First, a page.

Management

EPA’s Clean Diesel Program Back With $11M in Funding

Thomas McMahon
Posted on April 19, 2017
A new round of grants is being made available to reduce emissions from older diesel vehicles, including school buses. Photo by John Horton
A new round of grants is being made available to reduce emissions from older diesel vehicles, including school buses. Photo by John Horton

WASHINGTON, D.C. — The Environmental Protection Agency (EPA) is offering a new round of funding to reduce emissions from older diesel vehicles, including school buses.

The agency announced on Wednesday that it expects to give out between 20 and 80 grants totaling at least $11 million in Diesel Emission Reduction Act (DERA) funds for clean diesel projects.

The news comes amid uncertainty about the fate of the DERA program in the Trump administration’s budgeting. The DERA funding has reportedly been one target of proposed cuts.

In March, a coalition of groups advocated for DERA in a letter to new EPA Administrator Scott Pruitt. Although the level of future funding for the program remains unclear at this point, the new grant opportunity came as welcome news to supporters, including the National School Transportation Association (NSTA).

"NSTA is delighted to see this latest DERA grant opportunity from EPA," NSTA Executive Director Ronna Weber said. "School buses not only ensure the safest ride to school every day, but clean school buses guarantee a better environment for the communities they serve."

In announcing the new round of funding on Wednesday, a statement from the EPA evoked the Trump administration’s stated aim of supporting economic growth in its policies and regulations, including those that involve environmental issues.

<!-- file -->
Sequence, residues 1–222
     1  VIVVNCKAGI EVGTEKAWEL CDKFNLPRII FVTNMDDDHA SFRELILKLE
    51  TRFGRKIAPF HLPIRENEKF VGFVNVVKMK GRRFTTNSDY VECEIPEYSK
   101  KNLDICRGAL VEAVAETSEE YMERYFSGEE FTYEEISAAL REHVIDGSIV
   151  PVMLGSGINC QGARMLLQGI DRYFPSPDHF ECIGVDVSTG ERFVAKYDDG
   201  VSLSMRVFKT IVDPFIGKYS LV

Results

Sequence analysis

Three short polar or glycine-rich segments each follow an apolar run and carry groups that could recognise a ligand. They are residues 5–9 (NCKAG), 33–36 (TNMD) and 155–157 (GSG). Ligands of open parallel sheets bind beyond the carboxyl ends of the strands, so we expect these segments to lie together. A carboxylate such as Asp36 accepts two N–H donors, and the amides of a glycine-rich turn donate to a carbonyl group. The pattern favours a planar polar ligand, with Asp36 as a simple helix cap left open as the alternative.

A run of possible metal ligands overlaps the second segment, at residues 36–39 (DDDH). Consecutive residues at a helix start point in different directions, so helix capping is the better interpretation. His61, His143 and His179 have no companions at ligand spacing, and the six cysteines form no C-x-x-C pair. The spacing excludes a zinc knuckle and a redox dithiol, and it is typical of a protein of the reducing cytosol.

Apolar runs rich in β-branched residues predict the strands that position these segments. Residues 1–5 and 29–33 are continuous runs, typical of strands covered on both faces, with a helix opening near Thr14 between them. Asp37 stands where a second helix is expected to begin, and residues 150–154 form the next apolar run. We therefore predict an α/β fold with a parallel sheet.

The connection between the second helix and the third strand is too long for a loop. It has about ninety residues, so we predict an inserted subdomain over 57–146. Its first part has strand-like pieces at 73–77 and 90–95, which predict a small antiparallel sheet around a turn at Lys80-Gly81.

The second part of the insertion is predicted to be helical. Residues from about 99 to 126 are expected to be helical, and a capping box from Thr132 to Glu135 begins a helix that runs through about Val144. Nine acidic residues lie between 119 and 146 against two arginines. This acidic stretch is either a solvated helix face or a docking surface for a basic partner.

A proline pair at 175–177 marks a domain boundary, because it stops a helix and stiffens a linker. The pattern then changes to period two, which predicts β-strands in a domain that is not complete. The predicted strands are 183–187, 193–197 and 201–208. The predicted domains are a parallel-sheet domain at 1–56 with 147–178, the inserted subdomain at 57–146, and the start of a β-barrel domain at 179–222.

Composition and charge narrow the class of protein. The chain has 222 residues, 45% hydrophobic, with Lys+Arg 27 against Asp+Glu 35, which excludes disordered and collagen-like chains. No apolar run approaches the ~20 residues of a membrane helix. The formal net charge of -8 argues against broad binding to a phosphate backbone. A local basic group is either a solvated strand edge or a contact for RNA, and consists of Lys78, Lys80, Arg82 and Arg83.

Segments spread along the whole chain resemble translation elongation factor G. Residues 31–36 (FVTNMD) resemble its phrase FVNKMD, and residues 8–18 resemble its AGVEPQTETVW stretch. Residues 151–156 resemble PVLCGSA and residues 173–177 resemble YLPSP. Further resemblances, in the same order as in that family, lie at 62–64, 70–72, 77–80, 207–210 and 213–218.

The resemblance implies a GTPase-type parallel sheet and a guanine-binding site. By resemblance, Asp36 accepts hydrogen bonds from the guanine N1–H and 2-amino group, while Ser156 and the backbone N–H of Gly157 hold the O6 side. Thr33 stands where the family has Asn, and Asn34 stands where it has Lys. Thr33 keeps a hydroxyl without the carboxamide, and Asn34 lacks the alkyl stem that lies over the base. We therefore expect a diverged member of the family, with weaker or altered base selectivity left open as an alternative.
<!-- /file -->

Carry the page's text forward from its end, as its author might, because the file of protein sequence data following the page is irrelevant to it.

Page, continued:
"DERA is a bipartisan program to help fleet companies improve regional air quality, proving that good environmental policy can go hand in hand with good business," Christopher Grundler, director of the EPA’s Office of Transportation and Air Quality, said in a press release.

The funding can be used for such clean diesel projects as retrofit devices to curb emissions, idle-reduction technologies, low rolling-resistance tires, and early replacement of engines and vehicles.

The EPA noted that it will give preference to fleets in areas that are designated as having poor air quality.

The agency will conduct two webinars, on May 2 and 9, to provide information and answer questions about the 2017 DERA funding program.

The deadline for proposals is June 20. For more information and details on how to apply, go here.

Since the first year of the DERA program in 2008, the EPA has awarded about 690 grants across the nation, many of them to fund cleaner diesel engines that operate in economically disadvantaged communities.

The agency’s call for DERA proposals last year offered $26 million in grants.

Related Topics: diesel, emissions, EPA, idling reduction

Thomas McMahon Executive Editor
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